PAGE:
Chile, a country with 6,435 km of Pacific Ocean coast line, could find in wave and tidal power a solution to its need to diversify its energy mix.
Over the last decade, Central America has managed to reduce its dependence on fossil fuels for the production of electric power, while expanding coverage. But the progress made by each country varies widely.
A visit by United Arab Emirates Foreign Minister Sheikh Abdullah bin Zayed Al Nahyan to Costa Rica paved the way for closer trade ties between the two countries, especially in the areas of tourism and sustainable energy.
The Paris climate change agreement adopted at the end of 2015 has put renewable energy at the heart of global energy system with investments expected to grow further even amidst the decline in fossil fuels.
Brazil, which boasts that it has one of the cleanest energy mixes in the world, is now plagued by corruption, poor market conditions, and bad decisions – a near fatal combination.
The Chilean government’s approval of a hydroelectric dam in the Patagonia wilderness has rekindled the debate on the sustainability and efficiency of large-scale hydropower plants and whether they contribute to building a cleaner energy mix.
By year’s end, Jamaica will add 115 mega watts (MW) of renewable capacity to the power grid, in its quest to reduce energy costs and diversify the energy mix in electricity generation to 30 per cent by 2030.
A novel energy project in Chile will combine a pumped-storage hydroelectric plant operating on seawater and a solar plant, to provide a steady supply of clean energy to a fishing village in the Atacama Desert, the world’s driest.
Investing in a low carbon infrastructure, particularly renewable energy, is key to addressing climate change. The really big investment challenges are in the developing world where access to modern energy services is far below what is needed to achieve the Sustainable Development Goals; indeed, almost two billion people still lack access to electricity.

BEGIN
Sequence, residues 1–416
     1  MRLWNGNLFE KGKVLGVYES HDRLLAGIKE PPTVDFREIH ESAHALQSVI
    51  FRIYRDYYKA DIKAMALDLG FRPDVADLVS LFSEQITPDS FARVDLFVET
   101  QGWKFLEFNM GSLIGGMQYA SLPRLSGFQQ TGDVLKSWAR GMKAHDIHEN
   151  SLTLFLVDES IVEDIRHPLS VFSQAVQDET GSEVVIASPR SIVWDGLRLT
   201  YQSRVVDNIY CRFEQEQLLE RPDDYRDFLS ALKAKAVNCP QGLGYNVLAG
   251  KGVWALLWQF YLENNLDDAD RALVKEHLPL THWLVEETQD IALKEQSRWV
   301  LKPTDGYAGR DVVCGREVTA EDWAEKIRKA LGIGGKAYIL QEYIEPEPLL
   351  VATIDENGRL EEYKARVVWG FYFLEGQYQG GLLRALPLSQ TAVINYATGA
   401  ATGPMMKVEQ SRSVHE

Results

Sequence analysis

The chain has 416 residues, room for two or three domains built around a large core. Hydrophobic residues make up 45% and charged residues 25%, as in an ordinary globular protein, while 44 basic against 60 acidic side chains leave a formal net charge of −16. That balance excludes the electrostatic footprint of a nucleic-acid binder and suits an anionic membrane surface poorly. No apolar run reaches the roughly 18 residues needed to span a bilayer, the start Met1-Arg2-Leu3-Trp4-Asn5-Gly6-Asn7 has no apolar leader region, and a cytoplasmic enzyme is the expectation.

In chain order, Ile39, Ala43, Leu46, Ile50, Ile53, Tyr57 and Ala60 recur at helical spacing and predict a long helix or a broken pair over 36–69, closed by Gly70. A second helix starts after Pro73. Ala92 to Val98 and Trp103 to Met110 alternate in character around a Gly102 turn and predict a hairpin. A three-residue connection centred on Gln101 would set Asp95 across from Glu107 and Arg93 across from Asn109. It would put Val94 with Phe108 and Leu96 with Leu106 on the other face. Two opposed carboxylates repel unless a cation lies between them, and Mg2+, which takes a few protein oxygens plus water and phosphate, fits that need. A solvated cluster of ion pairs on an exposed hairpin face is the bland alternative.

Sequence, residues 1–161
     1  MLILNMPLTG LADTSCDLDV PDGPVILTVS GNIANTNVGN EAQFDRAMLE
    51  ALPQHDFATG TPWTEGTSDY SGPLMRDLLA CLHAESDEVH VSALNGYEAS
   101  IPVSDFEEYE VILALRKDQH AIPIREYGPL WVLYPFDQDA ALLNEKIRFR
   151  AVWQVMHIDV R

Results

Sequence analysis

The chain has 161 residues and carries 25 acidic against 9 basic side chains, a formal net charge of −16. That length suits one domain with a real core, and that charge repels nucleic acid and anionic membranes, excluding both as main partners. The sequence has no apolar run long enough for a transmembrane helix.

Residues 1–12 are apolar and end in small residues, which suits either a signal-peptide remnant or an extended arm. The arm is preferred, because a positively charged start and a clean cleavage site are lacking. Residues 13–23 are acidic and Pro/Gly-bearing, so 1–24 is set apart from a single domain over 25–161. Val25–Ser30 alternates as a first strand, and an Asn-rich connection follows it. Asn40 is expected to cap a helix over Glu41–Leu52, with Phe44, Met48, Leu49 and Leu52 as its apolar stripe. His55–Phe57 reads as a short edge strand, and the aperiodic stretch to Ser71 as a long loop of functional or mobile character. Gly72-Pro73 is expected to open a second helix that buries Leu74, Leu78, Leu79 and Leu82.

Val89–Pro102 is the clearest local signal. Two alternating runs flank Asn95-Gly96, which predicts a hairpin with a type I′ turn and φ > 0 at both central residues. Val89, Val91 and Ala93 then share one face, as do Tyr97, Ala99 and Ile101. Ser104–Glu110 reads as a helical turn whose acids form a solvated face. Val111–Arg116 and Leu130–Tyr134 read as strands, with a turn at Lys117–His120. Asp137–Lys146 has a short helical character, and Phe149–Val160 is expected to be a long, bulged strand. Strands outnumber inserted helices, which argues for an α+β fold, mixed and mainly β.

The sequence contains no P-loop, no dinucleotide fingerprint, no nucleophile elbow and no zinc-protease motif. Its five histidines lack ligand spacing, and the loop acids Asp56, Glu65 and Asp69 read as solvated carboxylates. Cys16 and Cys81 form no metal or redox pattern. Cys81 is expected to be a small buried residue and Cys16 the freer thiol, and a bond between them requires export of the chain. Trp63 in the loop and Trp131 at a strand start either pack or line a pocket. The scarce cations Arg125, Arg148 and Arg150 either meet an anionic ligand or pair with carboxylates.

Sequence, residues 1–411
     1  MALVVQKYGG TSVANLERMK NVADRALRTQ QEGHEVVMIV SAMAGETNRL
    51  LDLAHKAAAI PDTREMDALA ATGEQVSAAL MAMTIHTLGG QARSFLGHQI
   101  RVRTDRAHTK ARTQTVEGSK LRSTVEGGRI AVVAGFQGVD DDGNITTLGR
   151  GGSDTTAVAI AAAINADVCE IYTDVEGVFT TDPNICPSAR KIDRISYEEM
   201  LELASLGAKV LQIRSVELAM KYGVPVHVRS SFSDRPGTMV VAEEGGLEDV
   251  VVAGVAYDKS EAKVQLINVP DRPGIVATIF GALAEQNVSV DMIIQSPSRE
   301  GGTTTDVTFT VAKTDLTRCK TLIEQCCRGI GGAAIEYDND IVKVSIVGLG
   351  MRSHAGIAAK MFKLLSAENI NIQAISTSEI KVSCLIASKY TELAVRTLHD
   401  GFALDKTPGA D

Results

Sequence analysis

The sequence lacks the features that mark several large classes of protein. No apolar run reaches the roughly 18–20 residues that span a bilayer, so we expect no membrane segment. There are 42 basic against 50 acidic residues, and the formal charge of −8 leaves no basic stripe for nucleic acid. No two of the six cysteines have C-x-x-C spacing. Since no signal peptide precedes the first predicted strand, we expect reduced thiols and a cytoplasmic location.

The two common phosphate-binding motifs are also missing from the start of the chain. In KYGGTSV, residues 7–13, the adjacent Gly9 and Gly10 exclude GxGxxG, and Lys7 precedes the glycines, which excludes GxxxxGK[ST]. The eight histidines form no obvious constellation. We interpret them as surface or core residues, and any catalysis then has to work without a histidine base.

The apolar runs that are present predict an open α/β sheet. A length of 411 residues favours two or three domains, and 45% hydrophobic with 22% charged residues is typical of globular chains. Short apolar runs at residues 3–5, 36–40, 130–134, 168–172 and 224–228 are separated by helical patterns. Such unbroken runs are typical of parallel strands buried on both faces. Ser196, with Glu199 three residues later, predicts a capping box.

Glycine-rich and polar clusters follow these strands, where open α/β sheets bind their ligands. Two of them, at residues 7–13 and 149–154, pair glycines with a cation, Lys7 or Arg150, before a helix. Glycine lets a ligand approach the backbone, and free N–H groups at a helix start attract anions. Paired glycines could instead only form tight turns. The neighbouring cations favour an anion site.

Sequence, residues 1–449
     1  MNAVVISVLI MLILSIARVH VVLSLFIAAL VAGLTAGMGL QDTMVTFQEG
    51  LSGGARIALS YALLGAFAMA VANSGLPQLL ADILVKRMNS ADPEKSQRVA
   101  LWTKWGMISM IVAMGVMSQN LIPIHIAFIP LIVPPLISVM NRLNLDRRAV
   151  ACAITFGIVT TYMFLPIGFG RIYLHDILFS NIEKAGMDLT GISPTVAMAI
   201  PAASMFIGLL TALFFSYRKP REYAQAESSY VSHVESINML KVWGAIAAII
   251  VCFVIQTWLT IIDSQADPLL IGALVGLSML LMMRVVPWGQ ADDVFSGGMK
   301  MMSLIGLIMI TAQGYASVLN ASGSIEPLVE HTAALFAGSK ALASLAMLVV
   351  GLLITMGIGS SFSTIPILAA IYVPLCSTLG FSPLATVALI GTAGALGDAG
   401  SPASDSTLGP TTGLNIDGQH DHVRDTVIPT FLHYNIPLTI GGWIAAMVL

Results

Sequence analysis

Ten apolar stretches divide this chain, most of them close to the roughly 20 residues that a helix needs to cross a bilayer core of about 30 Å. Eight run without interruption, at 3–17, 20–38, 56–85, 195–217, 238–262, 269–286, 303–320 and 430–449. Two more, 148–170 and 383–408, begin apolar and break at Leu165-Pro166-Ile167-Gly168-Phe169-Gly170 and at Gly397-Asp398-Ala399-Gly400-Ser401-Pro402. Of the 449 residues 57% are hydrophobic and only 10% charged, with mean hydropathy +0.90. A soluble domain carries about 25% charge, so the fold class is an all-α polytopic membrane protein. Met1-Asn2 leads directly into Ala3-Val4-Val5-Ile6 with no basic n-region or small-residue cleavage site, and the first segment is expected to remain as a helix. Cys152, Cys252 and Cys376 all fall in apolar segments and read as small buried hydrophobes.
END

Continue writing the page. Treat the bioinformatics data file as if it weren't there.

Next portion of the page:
We humans are acutely aware of risks. From our earliest times, the risks we faced were from hunger, predatory animals, extreme environmental conditions and, as our numbers grew, from other human tribes.
Eight of the world’s leading economies will double their renewable energy supply by 2030 if they live up to their pledges to contribute to curbing global warming, which will be included in the new climate treaty.
A small fishing village on the Caribbean coast of Honduras has become an example to be followed in renewable energies, after replacing candles and dirty costly energy based on fossil fuels with hydropower from a mini-dam, while reforesting the river basin.
Chile, a land of volcanoes and geysers, has started building South America’s first geothermal plant, which would open a door to this kind of renewable energy in this country that depends largely on fossil fuels.
She only turned nine last June. But Mahra Mustafa has become a celebrity at the Expo Milan. She stars as Sara in ‘The Family Tree’, a short film on the UAE’s heritage being screened at the United Arab Emirates pavilion. Sara is in fact the face of young, dynamic and innovative Emirates.
Latin America is facing a two-pronged challenge: double power generation by 2050 while reducing greenhouse gas emissions. The only solution? Green energy.